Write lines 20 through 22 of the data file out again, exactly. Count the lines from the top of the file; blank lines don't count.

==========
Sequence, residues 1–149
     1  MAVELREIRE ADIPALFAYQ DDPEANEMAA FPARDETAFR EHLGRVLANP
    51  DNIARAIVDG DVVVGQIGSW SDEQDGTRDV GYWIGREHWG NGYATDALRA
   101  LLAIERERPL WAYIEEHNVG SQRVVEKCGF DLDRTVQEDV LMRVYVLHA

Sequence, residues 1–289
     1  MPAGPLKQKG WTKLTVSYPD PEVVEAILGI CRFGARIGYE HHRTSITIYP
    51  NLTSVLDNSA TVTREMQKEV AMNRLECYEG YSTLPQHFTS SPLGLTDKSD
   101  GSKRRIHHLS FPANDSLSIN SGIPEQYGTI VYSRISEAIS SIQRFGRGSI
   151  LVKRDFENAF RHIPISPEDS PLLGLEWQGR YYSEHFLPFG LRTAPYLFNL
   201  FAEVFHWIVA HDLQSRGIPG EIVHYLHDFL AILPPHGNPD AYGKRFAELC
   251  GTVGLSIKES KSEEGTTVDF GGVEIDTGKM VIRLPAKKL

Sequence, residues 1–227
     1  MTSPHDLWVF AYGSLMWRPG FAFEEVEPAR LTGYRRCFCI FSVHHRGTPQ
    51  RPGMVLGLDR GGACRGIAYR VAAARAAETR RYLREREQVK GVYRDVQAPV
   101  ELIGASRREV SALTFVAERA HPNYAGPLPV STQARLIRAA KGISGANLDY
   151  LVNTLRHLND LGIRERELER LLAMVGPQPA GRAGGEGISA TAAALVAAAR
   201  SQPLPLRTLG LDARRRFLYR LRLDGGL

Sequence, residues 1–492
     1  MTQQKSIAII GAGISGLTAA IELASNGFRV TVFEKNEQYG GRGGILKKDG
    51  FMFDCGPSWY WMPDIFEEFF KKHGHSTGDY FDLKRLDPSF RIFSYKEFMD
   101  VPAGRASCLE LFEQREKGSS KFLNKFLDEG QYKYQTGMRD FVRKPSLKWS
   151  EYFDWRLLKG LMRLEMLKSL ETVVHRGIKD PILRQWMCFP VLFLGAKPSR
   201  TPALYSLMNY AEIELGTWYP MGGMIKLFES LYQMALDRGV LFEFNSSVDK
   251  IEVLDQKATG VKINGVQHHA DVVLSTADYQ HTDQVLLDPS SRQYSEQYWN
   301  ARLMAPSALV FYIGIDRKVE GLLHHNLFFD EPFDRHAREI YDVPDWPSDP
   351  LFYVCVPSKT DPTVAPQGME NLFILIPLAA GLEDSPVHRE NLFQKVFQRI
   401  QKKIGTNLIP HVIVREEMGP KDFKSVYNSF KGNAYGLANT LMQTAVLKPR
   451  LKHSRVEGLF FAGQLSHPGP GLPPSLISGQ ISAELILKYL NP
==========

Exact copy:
    51  FMFDCGPSWY WMPDIFEEFF KKHGHSTGDY FDLKRLDPSF RIFSYKEFMD
   101  VPAGRASCLE LFEQREKGSS KFLNKFLDEG QYKYQTGMRD FVRKPSLKWS
   151  EYFDWRLLKG LMRLEMLKSL ETVVHRGIKD PILRQWMCFP VLFLGAKPSR